This paper applies a theory of persuasion using the elaboration likelihood model to explain how communication messages from mobile banking services are interpreted by receivers to increase their trust in mobile banking. We explain how users’ security and privacy concerns moderate the central route persuasion relationship between argument quality and trust. A questionnaire survey is employed to test a research model. The findings indicate that central and peripheral route persuasion cues enforce users’ trust in mobile banking services. Users with strong privacy and security concerns are more likely to rely on the quality of arguments of the messages. Theoretical and practical implications are discussed in the paper.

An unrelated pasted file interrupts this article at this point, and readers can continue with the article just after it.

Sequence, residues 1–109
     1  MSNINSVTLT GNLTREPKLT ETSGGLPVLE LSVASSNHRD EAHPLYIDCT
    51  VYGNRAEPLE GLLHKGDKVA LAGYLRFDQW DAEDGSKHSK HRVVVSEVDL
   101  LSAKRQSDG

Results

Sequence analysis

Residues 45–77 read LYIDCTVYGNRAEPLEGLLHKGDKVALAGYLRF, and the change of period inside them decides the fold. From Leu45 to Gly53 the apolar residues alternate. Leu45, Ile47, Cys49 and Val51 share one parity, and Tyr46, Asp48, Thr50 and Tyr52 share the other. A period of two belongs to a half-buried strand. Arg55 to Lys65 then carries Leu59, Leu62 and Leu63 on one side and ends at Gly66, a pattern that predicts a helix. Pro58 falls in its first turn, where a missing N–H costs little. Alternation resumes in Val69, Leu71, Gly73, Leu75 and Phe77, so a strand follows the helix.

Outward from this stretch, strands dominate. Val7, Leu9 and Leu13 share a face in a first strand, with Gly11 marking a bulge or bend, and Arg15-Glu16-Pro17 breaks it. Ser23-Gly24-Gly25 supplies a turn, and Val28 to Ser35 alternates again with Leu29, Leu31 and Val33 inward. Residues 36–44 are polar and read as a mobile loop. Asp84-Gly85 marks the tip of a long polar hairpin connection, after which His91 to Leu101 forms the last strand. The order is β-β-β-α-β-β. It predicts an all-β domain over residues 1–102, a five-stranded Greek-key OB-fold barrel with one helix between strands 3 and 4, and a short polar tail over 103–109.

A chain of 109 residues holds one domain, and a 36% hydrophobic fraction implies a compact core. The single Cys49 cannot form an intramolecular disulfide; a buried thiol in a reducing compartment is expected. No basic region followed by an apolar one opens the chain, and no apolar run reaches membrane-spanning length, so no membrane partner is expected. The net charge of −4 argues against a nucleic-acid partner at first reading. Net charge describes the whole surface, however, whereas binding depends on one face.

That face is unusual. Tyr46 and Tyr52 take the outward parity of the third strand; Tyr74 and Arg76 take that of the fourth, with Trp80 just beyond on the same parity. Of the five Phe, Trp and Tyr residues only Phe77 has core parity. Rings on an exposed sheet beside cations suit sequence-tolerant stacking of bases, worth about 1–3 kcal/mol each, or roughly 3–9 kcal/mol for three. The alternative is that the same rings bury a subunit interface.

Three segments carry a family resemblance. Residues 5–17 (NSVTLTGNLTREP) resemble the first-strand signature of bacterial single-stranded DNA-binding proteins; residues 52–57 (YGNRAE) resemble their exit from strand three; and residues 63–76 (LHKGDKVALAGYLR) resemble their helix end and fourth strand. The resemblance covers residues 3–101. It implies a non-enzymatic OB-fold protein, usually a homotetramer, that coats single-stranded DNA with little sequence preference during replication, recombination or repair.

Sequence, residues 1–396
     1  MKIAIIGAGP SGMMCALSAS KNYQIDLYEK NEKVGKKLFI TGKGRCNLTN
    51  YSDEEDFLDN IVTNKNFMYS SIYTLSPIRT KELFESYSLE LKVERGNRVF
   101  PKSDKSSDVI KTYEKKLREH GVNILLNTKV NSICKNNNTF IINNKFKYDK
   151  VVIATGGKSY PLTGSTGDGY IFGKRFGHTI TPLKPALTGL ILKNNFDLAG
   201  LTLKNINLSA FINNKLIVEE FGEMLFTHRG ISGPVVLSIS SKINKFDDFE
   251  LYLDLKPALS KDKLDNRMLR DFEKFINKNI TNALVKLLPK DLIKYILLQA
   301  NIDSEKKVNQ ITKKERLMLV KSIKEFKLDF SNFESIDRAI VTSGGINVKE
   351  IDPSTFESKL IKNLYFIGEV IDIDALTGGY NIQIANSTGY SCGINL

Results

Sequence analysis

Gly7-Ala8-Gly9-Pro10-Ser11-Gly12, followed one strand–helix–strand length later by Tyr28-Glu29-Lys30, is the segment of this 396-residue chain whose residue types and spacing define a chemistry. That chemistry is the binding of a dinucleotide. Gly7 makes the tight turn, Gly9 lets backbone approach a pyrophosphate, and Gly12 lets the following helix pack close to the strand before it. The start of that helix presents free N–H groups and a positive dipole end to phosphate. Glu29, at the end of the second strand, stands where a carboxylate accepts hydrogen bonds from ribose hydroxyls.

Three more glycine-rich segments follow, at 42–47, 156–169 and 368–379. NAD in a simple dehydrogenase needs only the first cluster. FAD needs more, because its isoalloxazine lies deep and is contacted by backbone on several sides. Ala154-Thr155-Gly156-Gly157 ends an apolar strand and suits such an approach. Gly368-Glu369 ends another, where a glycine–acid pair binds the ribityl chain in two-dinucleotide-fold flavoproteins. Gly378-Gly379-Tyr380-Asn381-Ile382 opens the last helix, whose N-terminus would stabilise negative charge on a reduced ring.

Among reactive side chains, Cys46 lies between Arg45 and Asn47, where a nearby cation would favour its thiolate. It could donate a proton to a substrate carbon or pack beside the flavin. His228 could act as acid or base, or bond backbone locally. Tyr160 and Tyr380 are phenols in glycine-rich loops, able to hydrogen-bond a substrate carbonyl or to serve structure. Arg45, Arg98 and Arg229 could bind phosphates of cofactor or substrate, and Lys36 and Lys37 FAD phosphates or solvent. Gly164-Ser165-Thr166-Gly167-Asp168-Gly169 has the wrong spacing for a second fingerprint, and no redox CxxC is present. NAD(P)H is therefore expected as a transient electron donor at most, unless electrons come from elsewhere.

Bibliographical noteFunding Information:
This work was partly supported by the Ministry of Education of the Republic of Korea and the National Research Foundation of Korea (NRF-2018S1A5A2A01037425)
- elaboration likelihood model
- Mobile banking
- privacy concern
- security concerns